eminent sense called the God of any one, while he is in a state of mortality." Now this covenant, from its very name, involves in it the intermediate state, and the resurrection, when Abraham and his descendants were no longer visible to earth; and when they, as we learn from Christ, were existing, according to the spirit, and living unto God. HebbThis St. Paul plainly expresses, when he says that
Jehovah is their God, in that exclusive and appropriate way, as to have them entirely to himself as a holy nation, in that place which he hath prepared for them. In the apostle's view, his being to be at some future period their God, entirely excludes earth; and is, by the reason he assigns, limited only to that city which at death receives their departed spirits. The circumstance of his not being ashamed of them to be called their God, implies such a situation as this, for on earth he has always reason to be ashamed of them, as a stupid, dull, and stiff-necked people. How oft did Abraham mistrust his protection? even Moses spake unadvisedly with his lips. Isaiah confessed that he was a man of unclean lips, and dwelling among a people of unclean lips. Here he has to "chastise them with the rod of men, and with the stripes of the children of men," but there his laws are in their hearts, and correction has no place.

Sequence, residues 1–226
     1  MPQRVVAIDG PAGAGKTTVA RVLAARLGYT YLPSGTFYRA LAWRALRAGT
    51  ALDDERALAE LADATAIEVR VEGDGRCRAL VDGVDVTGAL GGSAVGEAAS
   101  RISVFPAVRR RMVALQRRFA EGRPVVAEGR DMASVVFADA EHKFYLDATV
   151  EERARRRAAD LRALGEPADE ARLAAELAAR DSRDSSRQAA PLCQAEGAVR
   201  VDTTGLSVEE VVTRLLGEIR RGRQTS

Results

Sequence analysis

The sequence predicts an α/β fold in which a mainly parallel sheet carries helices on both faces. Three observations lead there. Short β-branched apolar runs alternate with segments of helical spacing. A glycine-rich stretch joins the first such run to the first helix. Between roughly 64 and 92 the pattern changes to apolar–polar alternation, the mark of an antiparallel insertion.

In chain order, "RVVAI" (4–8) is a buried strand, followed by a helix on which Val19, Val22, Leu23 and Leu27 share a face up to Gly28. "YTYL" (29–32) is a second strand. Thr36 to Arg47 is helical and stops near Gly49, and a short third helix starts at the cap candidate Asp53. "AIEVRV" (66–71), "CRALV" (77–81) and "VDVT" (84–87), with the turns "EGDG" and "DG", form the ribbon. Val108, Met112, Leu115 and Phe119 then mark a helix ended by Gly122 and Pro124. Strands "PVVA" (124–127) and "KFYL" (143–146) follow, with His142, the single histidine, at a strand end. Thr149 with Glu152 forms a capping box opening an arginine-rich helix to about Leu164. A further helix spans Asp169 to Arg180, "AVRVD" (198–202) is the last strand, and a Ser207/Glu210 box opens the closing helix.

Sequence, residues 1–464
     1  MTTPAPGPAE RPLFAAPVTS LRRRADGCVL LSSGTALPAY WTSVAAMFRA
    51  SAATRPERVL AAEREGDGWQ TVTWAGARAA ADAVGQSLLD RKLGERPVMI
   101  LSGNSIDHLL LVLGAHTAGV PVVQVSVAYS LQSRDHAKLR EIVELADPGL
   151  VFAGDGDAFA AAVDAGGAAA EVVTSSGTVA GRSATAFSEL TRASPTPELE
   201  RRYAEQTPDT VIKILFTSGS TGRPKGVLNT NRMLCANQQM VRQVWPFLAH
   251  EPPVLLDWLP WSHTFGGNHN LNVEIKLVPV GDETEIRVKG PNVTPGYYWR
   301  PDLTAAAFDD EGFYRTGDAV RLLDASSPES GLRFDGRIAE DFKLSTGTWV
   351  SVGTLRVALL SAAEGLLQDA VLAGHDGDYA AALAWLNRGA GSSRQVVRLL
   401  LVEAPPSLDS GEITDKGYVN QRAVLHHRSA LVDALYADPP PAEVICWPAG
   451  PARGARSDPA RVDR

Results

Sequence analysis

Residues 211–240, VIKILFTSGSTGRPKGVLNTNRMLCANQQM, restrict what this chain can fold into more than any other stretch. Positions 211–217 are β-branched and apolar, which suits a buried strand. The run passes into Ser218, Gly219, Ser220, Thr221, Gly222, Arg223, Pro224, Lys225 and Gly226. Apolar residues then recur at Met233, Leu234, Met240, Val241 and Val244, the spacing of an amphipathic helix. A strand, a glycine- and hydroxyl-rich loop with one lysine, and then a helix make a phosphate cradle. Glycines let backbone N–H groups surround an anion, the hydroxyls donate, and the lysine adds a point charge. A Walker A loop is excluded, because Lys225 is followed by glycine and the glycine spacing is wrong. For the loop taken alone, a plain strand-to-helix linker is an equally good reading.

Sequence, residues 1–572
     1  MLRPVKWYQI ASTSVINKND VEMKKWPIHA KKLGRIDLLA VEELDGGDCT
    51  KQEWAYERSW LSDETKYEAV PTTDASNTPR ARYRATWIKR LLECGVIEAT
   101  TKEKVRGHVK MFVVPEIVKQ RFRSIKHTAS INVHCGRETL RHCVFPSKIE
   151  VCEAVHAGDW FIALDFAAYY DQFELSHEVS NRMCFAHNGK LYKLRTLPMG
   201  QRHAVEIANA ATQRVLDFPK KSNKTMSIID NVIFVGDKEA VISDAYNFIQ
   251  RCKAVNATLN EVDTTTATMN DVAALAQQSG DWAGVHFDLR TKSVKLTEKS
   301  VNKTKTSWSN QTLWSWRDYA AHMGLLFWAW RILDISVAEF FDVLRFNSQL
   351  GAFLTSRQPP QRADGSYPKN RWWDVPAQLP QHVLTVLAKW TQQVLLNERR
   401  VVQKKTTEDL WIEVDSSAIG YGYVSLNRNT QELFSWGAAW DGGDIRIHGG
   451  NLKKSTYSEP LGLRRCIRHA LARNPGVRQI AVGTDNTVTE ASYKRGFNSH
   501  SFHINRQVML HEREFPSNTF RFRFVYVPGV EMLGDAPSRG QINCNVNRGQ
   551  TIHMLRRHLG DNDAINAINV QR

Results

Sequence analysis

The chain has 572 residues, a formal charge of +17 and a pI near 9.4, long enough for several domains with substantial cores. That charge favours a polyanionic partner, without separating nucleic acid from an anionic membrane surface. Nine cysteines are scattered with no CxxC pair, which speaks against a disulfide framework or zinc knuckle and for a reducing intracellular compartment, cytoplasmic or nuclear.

This is the very view which Christ himself exhibits in that passage of the Pentateuch, which had been
been so much overlooked by the Sadducees, as containing a proof both of the present subsisting of the soul, and of the future resurrection of the body. "I am the God of Abraham and the God of Isaac," I am the God of their hidden period or secret state of existence. Disappeared from mortal view, their souls are still in the secret place of Jehovah. This Christ virtually expresses, when he says, they all live unto him; that is, every particle of their existence (which is never the case in this world) being entirely devoted unto him. Hence when to Abraham Canaan is promised, not simply, but as a possession (Olam) of the hidden period, his idea rose from earth to heaven. The country which he now has in his eye, is enobled by the epithet which is added, heavenly; and he cheerfully acquiesced to become a pilgrim here, while the hope was given him of being exalted to be a citizen in that city which God hath prepared for him.